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Breaking Through: Market Access Potential for MSMEs in the Philippines

Posted: 2018-07-03
Presentation 1: MSMES and Market Access: Findings from a Philippines National Survey (Amar Nijhawan)
Presentation 2 and Panel Discussion 1: Entrepreneurial Drivers of AgTech in the Philippines (Jurise Oliveros)
Presentation 3 and Panel Discussion 2: The Case of Using Blockchain Transactional Technology to Provide Democratization and Transparency for Philippine Coffee Growers (Kai Chang, Scott Tupper, and Carmel Laurino)
Presentation 4 and Panel Discussion 3: The Role of Business Associations on SME Development and Market Access (Tristan Canare)

The Asia Pacific Foundation (APF) of Canada in partnership with Asian Institute of Management Rizalino S. Navarro Policy Center for Competitiveness held the research and policy event entitled, “Breaking Through: Market Access Potential for MSMEs in the Philippines” last 3 July 2018 at Meralco Case Room, Asian Institute of Management, Makati City.

The research and policy workshop aims to explore obstacles and opportunities that domestic and regional MSMEs experience around market access. Four presenters and two reactors presented market access issues focusing on gender, environmental sustainability, issues facing young entrepreneurs, and more. The goal of the workshop is to create a dialogue around the ideas brought forward by the researchers and develop their findings into policy recommendations.

Ms. Alisha Clancy (Program Manager, APF Canada) opened the program by introducing the work of APF Canada in the Philippines. She explained their work on SMEs through policy research (convening policy experts to develop policy recommendations) and creating tools and training opportunities for MSMEs.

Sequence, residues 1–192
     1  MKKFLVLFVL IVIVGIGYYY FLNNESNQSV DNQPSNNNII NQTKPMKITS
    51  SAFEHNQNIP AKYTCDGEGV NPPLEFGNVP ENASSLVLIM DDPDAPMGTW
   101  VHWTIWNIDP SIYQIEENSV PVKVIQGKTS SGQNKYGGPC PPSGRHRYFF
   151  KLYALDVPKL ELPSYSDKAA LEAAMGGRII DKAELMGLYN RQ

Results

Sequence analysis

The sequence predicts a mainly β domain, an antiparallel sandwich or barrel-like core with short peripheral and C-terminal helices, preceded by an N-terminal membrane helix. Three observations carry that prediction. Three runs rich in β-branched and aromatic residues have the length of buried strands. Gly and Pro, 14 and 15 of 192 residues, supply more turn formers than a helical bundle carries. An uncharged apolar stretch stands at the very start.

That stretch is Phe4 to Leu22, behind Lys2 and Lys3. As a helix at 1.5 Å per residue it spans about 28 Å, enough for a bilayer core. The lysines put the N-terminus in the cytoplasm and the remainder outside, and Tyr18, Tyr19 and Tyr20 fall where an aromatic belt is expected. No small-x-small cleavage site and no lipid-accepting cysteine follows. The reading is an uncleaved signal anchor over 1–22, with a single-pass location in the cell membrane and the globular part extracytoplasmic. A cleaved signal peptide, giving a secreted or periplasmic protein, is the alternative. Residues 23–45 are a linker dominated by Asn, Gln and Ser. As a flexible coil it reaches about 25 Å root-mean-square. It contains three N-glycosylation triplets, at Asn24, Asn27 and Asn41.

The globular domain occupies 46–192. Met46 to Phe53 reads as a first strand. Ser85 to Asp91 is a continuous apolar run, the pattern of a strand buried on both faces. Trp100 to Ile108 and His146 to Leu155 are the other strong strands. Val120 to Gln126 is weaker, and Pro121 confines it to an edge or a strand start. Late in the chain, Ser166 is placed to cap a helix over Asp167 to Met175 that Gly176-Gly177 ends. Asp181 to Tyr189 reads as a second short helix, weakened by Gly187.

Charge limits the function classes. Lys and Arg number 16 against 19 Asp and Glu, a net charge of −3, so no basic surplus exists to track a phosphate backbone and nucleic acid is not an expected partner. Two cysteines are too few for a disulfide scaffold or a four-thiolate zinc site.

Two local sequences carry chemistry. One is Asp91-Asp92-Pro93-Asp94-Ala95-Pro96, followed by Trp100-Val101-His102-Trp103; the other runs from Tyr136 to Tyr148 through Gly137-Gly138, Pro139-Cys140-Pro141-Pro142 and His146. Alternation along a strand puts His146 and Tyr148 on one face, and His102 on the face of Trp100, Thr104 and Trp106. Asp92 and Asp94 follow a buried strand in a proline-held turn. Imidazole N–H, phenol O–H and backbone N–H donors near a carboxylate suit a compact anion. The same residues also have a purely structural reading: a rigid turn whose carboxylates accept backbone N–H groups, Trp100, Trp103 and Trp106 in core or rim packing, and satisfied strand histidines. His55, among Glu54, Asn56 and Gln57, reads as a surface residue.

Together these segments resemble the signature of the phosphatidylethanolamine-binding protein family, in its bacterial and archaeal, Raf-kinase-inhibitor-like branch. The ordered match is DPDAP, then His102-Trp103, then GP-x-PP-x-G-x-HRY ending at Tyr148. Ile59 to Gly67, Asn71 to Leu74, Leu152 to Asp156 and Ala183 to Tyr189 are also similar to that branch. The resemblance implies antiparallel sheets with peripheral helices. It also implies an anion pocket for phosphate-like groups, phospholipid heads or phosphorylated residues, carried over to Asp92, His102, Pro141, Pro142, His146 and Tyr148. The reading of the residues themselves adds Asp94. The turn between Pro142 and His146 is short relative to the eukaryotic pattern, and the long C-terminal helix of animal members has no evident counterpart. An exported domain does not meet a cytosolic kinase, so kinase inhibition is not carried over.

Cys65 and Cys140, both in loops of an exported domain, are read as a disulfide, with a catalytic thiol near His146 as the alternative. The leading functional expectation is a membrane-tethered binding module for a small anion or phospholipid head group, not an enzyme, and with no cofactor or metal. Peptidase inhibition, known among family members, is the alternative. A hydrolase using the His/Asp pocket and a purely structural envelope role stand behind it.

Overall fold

Dr. Jamil Paolo Francisco (Associate Dean of AIM and Executive Director of AIM RSN PCC) welcomed the participants. He highlighted that although majority of firms are SMEs and they contribute more than 60 percent of the jobs, they still have lower productivity. He noted the importance of looking at MSMEs and the challenges they face, specifically market access, as one way of promoting shared prosperity.

Ms. Amar Nijhawan (Project Specialist, APF Canada) presented the results of the national survey collected from 437 Philippine MSME entrepreneurs. The lack of international experience among MSMEs entrepreneurs in the Philippines is a notable barrier to reaching international markets.

Ms. Jurise Oliveros (University of Colombia) presented her study on AgTech groups in the Philippines. She highlighted the dearth of data on AgTech hence the study was based on 182 sample from online database. Results show that the opportunity is in the innovative food category, food ecommerce, and meal kits.

Ms. Celina Agaton (Managing Director, MapPH) shared their current work on mapping the Philippines while overlapping with Ms. Oliveros’ findings and reflecting MapPH’s work for five years.

A joint presentation by Mr. Kai Chang (Founder, Kai Analytics), Mr. Scott Tupper (Founder,, and Ms. Carmel Laurino (Founder, Kalsada Coffee) focused on the use of blockchain in ensuring the traceability of sourcing raw materials directly from the farmers.

In the afternoon session, Mr. Tristan Canare (Associate Director and Senior Economist of AIM RSN PCC) delved on the role of business associations on SME market access. Regression analysis of survey results show that SMEs who are members of business organizations are more likely to have more access to more geographic markets, to partner with large and foreign firms, to export, and to expand.

In his reaction, Mr. Crisanto Frianeza (Secretary General of Philippine Chamber of Commerce and Industry), highlighted that they receive 30-40 trade inquiries in a day, but only bigger sized companies can respond. He noted the age-old problems in access to finance and noted the role of blockchain technology.

The forum ended with a breakout session where the participants further discussed what was presented and suggested policy recommendations.


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